1. Comparing early vs. late Respondents

    2. Follow-up surveys with initial non-

    Respondents

    3. Comparing Respondent characteristics with estimated characteristics of non-respondents

    4. Panel attrition in longitudinal studies

    5. Use of vignette questions

  • Non-response Bias Assessment Methodologies II

    Approaches that use external criteria

    6. Comparisons of surveys with varying response rates

    7. Comparisons of using other external data sources

    8. Comparisons of information from sample frame for respondents vs. non-

    respondents

    9. Comparisons via record matching

  • Comparing Early vs. Late Respondents (or initial refusers)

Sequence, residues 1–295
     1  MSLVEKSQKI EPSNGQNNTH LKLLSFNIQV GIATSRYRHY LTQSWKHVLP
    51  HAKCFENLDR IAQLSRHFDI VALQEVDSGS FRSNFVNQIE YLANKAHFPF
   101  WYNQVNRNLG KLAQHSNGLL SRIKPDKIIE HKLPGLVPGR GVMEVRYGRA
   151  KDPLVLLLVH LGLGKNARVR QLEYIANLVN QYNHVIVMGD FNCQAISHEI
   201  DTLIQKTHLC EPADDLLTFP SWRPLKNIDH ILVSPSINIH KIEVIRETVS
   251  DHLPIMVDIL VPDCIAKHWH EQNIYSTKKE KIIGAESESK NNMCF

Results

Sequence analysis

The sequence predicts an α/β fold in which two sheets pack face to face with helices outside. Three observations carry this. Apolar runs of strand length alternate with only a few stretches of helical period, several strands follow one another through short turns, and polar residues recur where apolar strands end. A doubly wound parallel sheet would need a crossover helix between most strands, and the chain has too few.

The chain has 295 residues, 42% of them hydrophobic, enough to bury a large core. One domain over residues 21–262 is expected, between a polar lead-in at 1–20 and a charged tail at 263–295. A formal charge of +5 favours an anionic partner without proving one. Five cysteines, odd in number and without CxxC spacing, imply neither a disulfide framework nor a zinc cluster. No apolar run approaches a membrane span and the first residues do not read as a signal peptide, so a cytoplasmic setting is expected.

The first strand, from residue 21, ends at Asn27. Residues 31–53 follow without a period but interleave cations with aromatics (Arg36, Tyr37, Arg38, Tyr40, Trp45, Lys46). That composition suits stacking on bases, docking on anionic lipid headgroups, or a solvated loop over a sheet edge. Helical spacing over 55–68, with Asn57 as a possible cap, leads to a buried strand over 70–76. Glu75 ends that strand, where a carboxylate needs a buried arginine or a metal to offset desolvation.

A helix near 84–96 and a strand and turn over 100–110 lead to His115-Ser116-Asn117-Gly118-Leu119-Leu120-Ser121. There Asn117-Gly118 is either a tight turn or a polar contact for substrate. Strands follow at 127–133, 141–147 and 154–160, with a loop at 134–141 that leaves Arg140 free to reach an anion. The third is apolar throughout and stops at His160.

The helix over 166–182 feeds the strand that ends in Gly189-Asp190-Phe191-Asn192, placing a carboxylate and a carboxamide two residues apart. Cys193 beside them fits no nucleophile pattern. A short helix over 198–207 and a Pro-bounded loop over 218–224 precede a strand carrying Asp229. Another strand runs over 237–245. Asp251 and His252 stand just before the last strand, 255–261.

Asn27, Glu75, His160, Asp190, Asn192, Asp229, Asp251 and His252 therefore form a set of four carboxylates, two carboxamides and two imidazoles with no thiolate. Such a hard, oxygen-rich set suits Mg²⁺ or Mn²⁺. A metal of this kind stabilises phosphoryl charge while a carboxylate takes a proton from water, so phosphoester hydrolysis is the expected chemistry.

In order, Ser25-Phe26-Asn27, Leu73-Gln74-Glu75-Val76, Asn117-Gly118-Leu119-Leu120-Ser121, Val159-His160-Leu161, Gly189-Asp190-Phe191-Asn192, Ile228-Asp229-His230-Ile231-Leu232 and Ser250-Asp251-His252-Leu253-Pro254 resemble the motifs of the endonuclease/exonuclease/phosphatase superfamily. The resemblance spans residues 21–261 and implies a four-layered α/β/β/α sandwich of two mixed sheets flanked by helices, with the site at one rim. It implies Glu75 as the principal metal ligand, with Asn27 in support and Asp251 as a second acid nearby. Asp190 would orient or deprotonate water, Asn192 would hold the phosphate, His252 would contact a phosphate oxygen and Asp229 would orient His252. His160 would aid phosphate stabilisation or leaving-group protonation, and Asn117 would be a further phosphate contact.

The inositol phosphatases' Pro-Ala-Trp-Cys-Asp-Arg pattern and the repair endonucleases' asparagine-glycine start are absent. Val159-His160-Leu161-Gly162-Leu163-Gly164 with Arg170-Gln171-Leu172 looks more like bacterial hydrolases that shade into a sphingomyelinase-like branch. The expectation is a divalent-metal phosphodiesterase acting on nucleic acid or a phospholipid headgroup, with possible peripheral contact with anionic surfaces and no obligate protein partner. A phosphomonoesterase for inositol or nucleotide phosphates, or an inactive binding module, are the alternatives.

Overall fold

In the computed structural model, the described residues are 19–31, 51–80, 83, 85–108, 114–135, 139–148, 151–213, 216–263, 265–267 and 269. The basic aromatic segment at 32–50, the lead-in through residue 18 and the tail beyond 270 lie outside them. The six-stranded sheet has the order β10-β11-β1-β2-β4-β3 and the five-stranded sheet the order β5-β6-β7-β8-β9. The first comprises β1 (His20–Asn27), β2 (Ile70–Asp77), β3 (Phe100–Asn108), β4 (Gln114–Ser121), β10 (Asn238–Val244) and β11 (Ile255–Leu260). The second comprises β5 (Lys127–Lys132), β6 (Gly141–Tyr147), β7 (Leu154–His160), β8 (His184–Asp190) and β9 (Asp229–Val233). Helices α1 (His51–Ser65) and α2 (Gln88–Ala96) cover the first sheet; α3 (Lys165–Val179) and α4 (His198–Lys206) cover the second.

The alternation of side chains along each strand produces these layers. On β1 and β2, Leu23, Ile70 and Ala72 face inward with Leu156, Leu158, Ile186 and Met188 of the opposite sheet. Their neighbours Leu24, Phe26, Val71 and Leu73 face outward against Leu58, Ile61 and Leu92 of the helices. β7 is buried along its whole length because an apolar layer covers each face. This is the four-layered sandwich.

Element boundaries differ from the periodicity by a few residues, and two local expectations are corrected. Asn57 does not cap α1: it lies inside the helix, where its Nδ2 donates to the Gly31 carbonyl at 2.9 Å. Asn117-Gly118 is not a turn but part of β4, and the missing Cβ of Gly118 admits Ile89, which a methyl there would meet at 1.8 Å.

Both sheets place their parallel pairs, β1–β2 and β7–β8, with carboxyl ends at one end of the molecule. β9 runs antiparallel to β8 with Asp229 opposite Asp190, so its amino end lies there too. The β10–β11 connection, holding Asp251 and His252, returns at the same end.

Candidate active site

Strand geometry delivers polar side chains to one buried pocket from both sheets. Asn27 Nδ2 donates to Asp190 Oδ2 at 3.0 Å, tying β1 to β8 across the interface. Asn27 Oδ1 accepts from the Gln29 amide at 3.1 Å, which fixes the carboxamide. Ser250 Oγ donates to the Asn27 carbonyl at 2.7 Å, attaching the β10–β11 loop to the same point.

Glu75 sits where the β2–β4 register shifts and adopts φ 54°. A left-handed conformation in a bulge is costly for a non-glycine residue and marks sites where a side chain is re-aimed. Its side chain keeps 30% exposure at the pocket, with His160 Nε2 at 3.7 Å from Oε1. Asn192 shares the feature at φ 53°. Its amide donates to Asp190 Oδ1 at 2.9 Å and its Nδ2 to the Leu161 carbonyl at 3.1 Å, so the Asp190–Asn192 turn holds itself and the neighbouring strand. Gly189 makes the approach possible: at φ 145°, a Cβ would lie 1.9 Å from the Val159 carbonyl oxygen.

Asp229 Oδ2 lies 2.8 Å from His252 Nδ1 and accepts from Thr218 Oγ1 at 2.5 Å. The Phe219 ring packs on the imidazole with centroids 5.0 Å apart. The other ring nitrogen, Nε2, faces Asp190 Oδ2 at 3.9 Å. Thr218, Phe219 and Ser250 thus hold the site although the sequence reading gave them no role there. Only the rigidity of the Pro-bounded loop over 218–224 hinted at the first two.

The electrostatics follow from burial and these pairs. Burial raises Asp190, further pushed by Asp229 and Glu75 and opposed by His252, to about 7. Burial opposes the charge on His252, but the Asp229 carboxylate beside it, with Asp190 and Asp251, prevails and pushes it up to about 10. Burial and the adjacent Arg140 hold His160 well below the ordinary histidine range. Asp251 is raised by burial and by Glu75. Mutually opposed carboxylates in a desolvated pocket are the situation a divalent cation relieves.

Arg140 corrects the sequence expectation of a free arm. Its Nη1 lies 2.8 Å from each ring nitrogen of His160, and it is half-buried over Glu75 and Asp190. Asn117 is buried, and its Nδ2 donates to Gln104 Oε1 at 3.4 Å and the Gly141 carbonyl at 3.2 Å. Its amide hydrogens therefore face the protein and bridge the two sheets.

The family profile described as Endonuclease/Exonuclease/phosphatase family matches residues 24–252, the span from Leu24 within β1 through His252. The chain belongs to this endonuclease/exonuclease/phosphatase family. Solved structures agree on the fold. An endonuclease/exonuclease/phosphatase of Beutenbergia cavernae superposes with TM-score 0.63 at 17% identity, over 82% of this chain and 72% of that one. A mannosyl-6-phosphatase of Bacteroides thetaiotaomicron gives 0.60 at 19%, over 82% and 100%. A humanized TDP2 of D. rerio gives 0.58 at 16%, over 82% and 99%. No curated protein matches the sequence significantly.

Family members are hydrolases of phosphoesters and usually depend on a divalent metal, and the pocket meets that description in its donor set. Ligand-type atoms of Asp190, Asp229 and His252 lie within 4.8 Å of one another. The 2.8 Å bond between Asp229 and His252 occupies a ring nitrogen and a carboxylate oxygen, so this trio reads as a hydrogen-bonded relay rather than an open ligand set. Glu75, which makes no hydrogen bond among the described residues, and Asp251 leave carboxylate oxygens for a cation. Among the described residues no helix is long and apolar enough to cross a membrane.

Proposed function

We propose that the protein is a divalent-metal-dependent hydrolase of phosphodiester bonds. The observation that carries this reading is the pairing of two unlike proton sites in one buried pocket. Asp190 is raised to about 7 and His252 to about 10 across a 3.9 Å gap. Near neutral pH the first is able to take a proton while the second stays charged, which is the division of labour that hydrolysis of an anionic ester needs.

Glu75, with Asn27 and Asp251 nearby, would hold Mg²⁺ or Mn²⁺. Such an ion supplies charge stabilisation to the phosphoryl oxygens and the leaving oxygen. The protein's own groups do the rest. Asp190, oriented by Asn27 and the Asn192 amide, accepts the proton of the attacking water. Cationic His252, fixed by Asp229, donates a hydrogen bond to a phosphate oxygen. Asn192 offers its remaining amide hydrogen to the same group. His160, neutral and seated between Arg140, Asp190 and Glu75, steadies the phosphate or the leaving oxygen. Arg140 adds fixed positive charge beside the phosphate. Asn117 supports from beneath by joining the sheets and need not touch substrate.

� a.k.a. “level of effort” analysis (Olson, 2006)

    � examining late respondents (or initial refusals)

    under the assumption that they are most similar

    to non-respondents

    � The “continuum of resistance” (Filion, 1976)

    � Very common and inexpensive approach (Cottler et al., 1987; Crawford, 1987; Etter & Perneger, 1997; Fitzgerald & Fuller,1982;

    Miller & Wedeking, 2004; Siemiatycki & Campbell, 1984;Sharp & Feldt,

    1959; Stinchcombe et al., 1981; Voigt et al., 2003; Wilson, 1981)

    � One variation is to include “days to respond” in

    regression models to determine if it is associated

    with key survey questions (Lindner, Murphy & Briers, 2001)

  • Follow-up Surveys with Initial Non-respondents

    � Designed to collect data from persons

    classified as non-respondents to an original

    survey

    � Also a common strategy (Casper, 1992; Crawford, 1986; 1987; Gmel, 2000; Groves et al., 2005; Hill & Roberts, 1997; Lahaut et al.,